Wonder how that reads under new NFPA rules...

-Colin
 

BrotherBart

Modestorator
Staff member
NY Soapstone said:
So I have an interesting question... I have about 17" in front of my door - after which I have a lumber framed wall capped with 1" of tile / cement board in place of drywall. (see profile photo)

Clearly a noncombustible surface and nowhere for sparks to fly onto the floor unless they go out 17" with enough force to ricochet laterally. But it's not an 18" hearth extension.

Wonder how that reads under new NFPA rules...

-Colin
I don't think the guys that write that stuff ever saw a side loader without front doors in their life.
 

Gooserider

Mod Emeritus
Nov 20, 2006
6,737
Northeastern MA (near Lowell)
chrisN said:
I can understand how a manufacturer could perform tests of heat shields etc to reduce the 36 inch clearance requirement to combustables, but how would one be able to approve a shorter front clearance? Seems to me that the 18 inch distance must have been established after some sort of statistical survey of flying sparks, log roll-outs etc. A stove is a stove, with the front door open how can one manufacturer state that the sparks from their stove won't fly as far as the sparks from another?
Actually my understanding is the front clearance is supposed to be more to deal with the question of heat coming off the front of the stove - w/ only minor consideration of the sparks and such issue. This is why some stoves require high R-value hearth extensions. A lot of heat is radiated through the glass front doors on a stove or insert.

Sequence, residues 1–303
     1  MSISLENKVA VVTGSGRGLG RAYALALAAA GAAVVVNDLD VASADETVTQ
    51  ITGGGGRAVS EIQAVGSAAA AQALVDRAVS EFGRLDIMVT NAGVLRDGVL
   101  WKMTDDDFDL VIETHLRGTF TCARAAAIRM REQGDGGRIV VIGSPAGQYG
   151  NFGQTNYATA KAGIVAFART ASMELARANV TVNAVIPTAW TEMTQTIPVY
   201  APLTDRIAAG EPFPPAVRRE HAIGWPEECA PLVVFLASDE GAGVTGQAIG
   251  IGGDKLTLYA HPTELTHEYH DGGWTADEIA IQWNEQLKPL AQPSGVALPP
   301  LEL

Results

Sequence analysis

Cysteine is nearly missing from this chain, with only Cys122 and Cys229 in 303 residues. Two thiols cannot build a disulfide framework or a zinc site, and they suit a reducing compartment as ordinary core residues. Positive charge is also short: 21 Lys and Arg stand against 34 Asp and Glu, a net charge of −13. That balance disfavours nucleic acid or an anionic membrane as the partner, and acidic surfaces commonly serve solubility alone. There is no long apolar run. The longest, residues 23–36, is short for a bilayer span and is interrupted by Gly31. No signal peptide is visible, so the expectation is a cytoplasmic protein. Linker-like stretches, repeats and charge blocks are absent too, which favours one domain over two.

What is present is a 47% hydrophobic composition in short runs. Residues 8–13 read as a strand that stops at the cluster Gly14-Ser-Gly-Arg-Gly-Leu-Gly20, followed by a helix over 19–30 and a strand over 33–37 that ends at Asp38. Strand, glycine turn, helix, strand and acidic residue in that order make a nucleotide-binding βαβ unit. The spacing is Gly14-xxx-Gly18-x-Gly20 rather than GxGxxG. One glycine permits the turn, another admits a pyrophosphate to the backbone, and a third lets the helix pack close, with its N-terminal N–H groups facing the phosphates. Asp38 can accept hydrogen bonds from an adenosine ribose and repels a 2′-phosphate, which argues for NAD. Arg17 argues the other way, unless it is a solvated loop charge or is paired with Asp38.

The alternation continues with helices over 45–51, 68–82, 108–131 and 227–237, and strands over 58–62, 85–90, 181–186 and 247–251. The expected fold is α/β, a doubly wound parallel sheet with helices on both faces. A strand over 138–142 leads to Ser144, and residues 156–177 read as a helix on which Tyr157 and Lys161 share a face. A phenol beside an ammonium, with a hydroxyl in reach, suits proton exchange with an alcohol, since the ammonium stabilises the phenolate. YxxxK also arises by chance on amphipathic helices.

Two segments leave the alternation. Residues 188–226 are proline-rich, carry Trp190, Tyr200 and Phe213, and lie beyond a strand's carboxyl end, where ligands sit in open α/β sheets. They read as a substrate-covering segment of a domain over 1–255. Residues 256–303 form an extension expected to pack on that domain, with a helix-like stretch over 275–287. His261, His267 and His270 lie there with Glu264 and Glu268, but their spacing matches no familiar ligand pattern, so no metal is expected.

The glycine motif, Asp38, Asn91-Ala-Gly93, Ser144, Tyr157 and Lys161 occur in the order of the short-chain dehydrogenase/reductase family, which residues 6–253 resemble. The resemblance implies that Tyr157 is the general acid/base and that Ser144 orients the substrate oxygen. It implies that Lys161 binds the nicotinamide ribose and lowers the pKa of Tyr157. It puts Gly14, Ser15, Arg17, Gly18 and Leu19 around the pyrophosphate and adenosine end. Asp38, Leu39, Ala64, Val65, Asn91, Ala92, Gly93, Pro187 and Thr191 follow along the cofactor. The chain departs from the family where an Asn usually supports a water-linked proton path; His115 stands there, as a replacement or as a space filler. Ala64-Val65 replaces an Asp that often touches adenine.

In some ways flying sparks or rolling logs would make things more of a challenge to figure out - Would you need more clearance on stoves with higher doors, or split level hearths since that would allow sparks a longer trajectory, and let rolling logs go further? OTOH, if merely trying to deal with an ignition source rather than heat, the only thing needed would be a non-combustible construction as opposed to some higher R-value.

Gooserider
 

cbrodsky

Member
Jan 19, 2006
517
Millbrook, NY
BrotherBart said:
NY Soapstone said:
So I have an interesting question... I have about 17" in front of my door - after which I have a lumber framed wall capped with 1" of tile / cement board in place of drywall. (see profile photo)

Clearly a noncombustible surface and nowhere for sparks to fly onto the floor unless they go out 17" with enough force to ricochet laterally. But it's not an 18" hearth extension.

Wonder how that reads under new NFPA rules...

-Colin
I don't think the guys that write that stuff ever saw a side loader without front doors in their life.
Which interestingly, was an important issue that got me looking at this stove... rather unusual in that regard. It was the only legal way I could install the stove the way I wanted without a hearth that extended way out into the middle of a floor where it would have looked silly.